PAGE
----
Our proposed studies address fundamental questions about how the identities of cells in a developing organism are determined and how they maintain their function through life. Critical for this process is the ability of cells to communicate with one another through intercellular signaling pathways. Our experiments will specifically investigate the cooperative nature of the BMP proteins in cell-cell communication and our results will reveal the underlying mechanisms that regulate the activity of these proteins and their receptors in developing tissues. Dysregulation of the BMP signaling pathway is known to give rise to many human birth defects and diseases, thus our findings will be critical for deciphering the mechanisms gone awry that lead to many cancers, Loeys-Dietz syndrome, Fibrodysplasia Ossificans Progressiva (FOP), hereditary hemorrhagic telangiectasia type 2 (HHT2), and juvenile polyposis.

National Institute of Health (NIH)
National Institute of General Medical Sciences (NIGMS)
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Development - 1 Study Section (DEV1)
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Haynes, Susan R
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Brown University
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Borensztejn, Antoine; Mascaro, Alexandra; Wharton, Kristi A (2018) JAK/STAT signaling prevents excessive apoptosis to ensure maintenance of the interfollicular stalk critical for Drosophila oogenesis. Dev Biol 438:1-9
Borensztejn, Antoine; Mascaro, Alexandra; Wharton, Kristi A (2018) Corrigendum to ""JAK/STAT signaling prevents excessive apoptosis to ensure maintenance of the interfollicular stalk critical for Drosophila oogenesis"" [Dev. Biol. 438 (2018) 1-9]. Dev Biol 444:41
?ahin, Asl?; Held, Aaron; Bredvik, Kirsten et al. (2017) Human SOD1 ALS Mutations in a Drosophila Knock-In Model Cause Severe Phenotypes and Reveal Dosage-Sensitive Gain- and Loss-of-Function Components. Genetics 205:707-723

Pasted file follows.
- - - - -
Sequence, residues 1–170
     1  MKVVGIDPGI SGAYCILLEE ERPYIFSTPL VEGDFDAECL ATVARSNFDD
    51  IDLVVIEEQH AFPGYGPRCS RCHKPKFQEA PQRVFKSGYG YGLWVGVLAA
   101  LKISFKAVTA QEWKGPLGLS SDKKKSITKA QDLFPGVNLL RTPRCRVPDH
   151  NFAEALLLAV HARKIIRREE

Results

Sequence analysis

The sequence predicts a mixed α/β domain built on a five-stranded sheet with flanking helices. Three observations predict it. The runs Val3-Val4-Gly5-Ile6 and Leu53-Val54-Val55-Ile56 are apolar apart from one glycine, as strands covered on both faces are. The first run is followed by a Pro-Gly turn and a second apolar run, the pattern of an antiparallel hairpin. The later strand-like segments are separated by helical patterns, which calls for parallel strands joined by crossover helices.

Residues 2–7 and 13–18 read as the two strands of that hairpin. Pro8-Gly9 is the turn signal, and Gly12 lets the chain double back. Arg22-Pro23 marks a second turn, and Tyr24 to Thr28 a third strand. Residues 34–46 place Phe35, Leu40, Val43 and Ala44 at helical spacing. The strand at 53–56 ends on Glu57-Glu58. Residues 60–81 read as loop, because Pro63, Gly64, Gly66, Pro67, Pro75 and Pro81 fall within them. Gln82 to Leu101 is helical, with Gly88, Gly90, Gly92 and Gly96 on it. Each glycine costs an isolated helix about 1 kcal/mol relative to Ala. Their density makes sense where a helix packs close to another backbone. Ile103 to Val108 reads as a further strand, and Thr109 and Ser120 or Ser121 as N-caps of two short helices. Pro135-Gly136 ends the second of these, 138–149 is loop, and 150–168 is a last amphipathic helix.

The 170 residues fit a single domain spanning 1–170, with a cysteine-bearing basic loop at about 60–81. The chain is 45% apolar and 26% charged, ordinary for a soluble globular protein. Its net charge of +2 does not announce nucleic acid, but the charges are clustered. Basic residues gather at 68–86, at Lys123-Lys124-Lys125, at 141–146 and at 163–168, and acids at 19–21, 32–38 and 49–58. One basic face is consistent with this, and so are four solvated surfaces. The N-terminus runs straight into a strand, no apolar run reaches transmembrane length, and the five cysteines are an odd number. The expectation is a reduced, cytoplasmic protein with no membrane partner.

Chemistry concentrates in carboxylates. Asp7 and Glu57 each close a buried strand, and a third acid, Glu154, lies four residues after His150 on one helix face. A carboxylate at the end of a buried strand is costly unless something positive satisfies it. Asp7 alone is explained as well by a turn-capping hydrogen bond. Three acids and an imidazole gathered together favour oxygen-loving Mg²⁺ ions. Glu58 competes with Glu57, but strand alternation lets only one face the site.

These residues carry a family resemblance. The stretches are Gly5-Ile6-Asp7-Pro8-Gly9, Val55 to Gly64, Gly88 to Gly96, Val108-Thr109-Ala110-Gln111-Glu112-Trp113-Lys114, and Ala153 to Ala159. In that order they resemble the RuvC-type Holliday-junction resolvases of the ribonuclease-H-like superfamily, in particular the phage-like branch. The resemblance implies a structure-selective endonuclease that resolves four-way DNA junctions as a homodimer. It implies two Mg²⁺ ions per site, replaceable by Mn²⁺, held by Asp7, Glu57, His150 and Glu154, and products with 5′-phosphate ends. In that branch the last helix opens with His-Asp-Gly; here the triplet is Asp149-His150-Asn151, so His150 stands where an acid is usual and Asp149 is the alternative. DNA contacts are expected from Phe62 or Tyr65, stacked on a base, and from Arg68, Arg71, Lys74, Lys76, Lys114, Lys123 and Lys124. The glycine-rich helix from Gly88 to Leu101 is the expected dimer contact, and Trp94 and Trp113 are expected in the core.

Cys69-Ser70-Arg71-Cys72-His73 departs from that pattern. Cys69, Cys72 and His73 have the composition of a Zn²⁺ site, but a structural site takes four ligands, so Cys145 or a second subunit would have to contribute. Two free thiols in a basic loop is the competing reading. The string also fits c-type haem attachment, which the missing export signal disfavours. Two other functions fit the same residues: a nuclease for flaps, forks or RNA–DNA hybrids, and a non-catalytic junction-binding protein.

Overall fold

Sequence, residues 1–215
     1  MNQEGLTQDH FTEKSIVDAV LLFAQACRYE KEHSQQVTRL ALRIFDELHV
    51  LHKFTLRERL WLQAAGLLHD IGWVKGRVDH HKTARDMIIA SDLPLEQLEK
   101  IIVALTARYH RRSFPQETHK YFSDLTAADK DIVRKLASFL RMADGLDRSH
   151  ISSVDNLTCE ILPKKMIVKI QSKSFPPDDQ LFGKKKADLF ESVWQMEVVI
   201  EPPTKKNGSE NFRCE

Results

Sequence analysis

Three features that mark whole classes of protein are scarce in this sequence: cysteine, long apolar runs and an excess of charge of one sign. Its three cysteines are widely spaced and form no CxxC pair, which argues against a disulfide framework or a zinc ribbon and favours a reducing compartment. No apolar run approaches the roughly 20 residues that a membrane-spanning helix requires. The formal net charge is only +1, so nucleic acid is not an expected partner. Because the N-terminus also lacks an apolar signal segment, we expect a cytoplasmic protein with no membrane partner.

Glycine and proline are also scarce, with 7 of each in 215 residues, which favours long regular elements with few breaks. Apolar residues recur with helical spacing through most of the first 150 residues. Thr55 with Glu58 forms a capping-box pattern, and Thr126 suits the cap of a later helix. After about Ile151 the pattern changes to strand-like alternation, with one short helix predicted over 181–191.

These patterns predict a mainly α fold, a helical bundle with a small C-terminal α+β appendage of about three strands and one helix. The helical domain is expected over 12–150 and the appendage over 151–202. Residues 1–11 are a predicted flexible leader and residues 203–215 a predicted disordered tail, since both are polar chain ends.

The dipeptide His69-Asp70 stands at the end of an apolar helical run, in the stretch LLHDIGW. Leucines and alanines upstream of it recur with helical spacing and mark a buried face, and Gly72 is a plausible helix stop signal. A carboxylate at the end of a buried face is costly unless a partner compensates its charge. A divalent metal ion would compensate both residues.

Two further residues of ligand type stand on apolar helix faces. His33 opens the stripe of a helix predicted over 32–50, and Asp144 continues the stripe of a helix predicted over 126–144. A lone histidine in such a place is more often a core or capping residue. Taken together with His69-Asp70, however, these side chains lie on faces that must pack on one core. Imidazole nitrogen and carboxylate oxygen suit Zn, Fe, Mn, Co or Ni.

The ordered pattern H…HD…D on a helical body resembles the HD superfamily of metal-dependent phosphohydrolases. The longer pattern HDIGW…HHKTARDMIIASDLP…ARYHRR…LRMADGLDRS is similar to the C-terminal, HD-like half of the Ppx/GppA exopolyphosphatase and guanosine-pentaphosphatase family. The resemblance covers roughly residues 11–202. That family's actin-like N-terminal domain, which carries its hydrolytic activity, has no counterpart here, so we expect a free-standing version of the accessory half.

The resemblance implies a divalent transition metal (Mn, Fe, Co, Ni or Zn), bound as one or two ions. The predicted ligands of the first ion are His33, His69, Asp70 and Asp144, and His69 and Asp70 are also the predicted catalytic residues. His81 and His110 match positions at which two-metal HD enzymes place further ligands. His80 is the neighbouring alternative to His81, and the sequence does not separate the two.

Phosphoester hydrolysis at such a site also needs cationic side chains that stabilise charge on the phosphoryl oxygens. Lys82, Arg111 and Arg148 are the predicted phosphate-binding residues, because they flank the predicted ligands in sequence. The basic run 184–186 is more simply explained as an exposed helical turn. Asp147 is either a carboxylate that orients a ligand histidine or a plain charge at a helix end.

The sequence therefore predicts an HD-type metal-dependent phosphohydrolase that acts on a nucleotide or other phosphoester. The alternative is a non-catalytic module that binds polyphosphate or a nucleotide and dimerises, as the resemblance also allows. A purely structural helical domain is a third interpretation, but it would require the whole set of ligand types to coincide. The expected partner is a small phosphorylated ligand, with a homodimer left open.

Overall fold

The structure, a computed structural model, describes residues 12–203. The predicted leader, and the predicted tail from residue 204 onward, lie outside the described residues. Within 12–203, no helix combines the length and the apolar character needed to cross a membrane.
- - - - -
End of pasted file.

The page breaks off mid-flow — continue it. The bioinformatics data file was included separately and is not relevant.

Anderson, Edward N; Wharton, Kristi A (2017) Alternative cleavage of the bone morphogenetic protein (BMP), Gbb, produces ligands with distinct developmental functions and receptor preferences. J Biol Chem 292:19160-19178
James, Rebecca E; Hoover, Kendall M; Bulgari, Dinara et al. (2014) Crimpy enables discrimination of presynaptic and postsynaptic pools of a BMP at the Drosophila neuromuscular junction. Dev Cell 31:586-98
Wharton, Kristi A; Serpe, Mihaela (2013) Fine-tuned shuttles for bone morphogenetic proteins. Curr Opin Genet Dev 23:374-84
Le, Viet Q; Wharton, Kristi A (2012) Hyperactive BMP signaling induced by ALK2(R206H) requires type II receptor function in a Drosophila model for classic fibrodysplasia ossificans progressiva. Dev Dyn 241:200-14
Akiyama, Takuya; Marqués, Guillermo; Wharton, Kristi A (2012) A large bioactive BMP ligand with distinct signaling properties is produced by alternative proconvertase processing. Sci Signal 5:ra28
Boulanger, Ana; Farge, Morgane; Ramanoudjame, Christophe et al. (2012) Drosophila motor neuron retraction during metamorphosis is mediated by inputs from TGF-?/BMP signaling and orphan nuclear receptors. PLoS One 7:e40255
Ballard, Shannon L; Jarolimova, Jana; Wharton, Kristi A (2010) Gbb/BMP signaling is required to maintain energy homeostasis in Drosophila. Dev Biol 337:375-85